About the program
A Love Supreme, a solo exhibition by Norman Teague inspired by legendary jazz musician John Coltrane, will have an adjoining installation in Mies van der Rohe’s McCormick House by Chicago-based BIPOC designers. Teague uses Coltrane’s album “A Love Supreme” as a personal, cultural, and spiritual touchstone to consider design influences from his life-long home in Chicago, exploring how the power of bold improvisational jazz and unapologetic Black aesthetics have expanded the minds and inspired creative communities of color.
“I believe there is a quest for craft from the imaginations of Black America that needs to be heard, seen, and felt as safe, desired, and beautiful. And it can only come from us. This turning point of awareness in American history will only get greater as time goes on—and design history will follow,” says Teague.
The accompanying exhibit A Love Supreme: McCormick House Reimagined seeks to provide a new narrative about the bold, bright, and vast number of designers who are the future of American design. For the McCormick House installation, curators Norman Teague and Rose Camara ask, “What is your Coltrane story? Who awakened you personally and artistically?” The exhibit celebrates a variety of jazz and jazz-influenced influences on Chicago design, and will include key musical performances throughout its run.
A Love Supreme is part of Art Design Chicago, a citywide collaboration initiated by the Terra Foundation for American Art that highlights the city’s artistic heritage and creative communities. It is sponsored by the Terra Foundation for American Art, Graham Foundation for Advanced Studies in the Fine Arts, and in part by a grant from the League of Chicago Theatres and ComEd. With programming in partnership with Elmhurst University Department of Music.
A Love Supreme: McCormick House Reimagined is co-curated by Norman Teague and Rose Camara. This exhibition is presented in partnership with the Chipstone Foundation.
This exhibition includes audio components. Your headphones and smartphone are recommended when visiting to provide a fuller experience.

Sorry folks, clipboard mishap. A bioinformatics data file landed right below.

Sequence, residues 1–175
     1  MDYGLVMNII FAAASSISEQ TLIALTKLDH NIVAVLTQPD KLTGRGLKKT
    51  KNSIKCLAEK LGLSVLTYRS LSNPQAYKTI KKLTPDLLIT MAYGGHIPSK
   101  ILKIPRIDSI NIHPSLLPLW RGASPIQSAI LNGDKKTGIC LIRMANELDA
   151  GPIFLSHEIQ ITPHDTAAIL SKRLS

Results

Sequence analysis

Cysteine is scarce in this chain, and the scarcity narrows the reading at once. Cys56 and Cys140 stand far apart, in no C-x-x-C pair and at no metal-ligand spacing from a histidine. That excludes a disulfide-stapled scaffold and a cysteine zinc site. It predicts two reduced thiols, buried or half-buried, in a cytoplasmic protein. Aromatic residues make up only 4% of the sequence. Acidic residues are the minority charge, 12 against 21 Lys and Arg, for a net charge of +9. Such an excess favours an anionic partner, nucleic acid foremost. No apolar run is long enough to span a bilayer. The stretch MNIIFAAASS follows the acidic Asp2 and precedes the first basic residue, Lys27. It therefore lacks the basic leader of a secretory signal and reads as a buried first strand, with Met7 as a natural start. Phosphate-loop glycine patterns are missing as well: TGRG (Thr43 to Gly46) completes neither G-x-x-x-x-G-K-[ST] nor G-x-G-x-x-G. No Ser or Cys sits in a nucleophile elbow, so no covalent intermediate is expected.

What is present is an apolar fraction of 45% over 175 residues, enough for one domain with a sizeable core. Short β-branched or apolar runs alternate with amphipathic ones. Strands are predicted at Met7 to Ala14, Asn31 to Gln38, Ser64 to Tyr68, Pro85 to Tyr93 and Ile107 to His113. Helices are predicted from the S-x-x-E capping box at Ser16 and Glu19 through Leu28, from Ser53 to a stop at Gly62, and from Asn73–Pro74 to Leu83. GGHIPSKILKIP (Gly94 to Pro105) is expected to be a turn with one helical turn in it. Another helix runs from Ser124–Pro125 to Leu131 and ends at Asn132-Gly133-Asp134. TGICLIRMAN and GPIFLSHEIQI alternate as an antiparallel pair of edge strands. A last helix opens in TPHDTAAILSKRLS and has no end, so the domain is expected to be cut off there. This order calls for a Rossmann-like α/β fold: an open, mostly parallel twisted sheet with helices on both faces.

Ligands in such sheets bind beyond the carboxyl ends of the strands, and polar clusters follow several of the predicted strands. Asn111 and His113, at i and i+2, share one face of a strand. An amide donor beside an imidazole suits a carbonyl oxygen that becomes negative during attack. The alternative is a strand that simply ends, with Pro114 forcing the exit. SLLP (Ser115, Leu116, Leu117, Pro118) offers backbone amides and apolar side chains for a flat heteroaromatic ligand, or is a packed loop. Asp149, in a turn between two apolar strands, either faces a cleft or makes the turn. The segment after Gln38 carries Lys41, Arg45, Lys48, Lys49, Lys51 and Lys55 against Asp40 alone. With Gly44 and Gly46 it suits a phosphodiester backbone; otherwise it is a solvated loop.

Norman Teague Design Studios / Tonika Johnson / Max Davis / Ernest Wong / Mejay Gula / Tanner Woodford
Chicago, United StatesWebsite
Led by designer and educator Norman Teague, an acclaimed collective of artists, designers, and community activists speculates on plastic politics, wire mesh architecture, and recycling. Teague’s projects and pedagogies address the systematic complexity of urbanism. Collective team member Max Davis grew up in Oyster Bay, NY before moving to Chicago’s south side where he started several successful businesses that are inherently inclusive; Mejay Gula applies her knowledge of design and construction to ongoing building projects as architect of record at site design group; Tonika Johnson, creator of the Folded Map Project, is a photographer, social justice artist, and life-long resident of Chicago’s Englewood neighborhood; Ernest Wong is the founding principal of site design group and has been instrumental in the success of the landscape architecture profession; and Tanner Woodford is founder and executive director of the Design Museum of Chicago, where he produces exhibitions, events, and projects. Norman Teague is an African American social practice artist, designer, furniture maker, and an assistant professor at University of Illinois Chicago School of Design. He is a Chicago based designer and educator focused on projects and pedagogy that address the systematic complexity of urbanism and the culture of communities.
Elmhurst Art Museum
150 S Cottage Hill Ave, Elmhurst, IL 60126
The Elmhurst Art Museum was established and granted 501c(3) status in 1997.
Foster community by cultivating a creative space where art is for everyone.
Be a cultural leader in the Chicagoland area for contemporary art, arts education, and mid-century modern architecture.
Spark creativity and cultural enrichment through the visual arts, education, and architecture by providing thought-provoking, diverse exhibitions and programming.
In 1981 a group of teachers, artists and community organizers, established the Elmhurst Art Museum with the belief that people from all walks of life can learn to see and think differently through meaningful participation in the arts. With initial focus on exhibiting and collecting works of primarily local artists, the Museum significantly expanded to feature nationally and internationally recognized artists.
In 1992, led by artist and educator Eleanor King Hookham, the Foundation purchased the unique Mies van der Rohe-designed McCormick House (1952), a private home in Elmhurst. With an ambitious and unprecedented undertaking, the house was moved from its location to the Elmhurst Art Museum Campus. The Museum commissioned Chicago-based architectural firm DeStefano + Partners to design a new building incorporating this unique architectural component with substantial exhibition, education, public and administrative spaces.
A new facility opened to the public in 1997 with 15,000+ square feet of exhibition and education space. Today, the Museum provides access to world-class exhibitions, the unique home by Mies van der Rohe, and an Education Center that serves the residents of Elmhurst and the surrounding communities.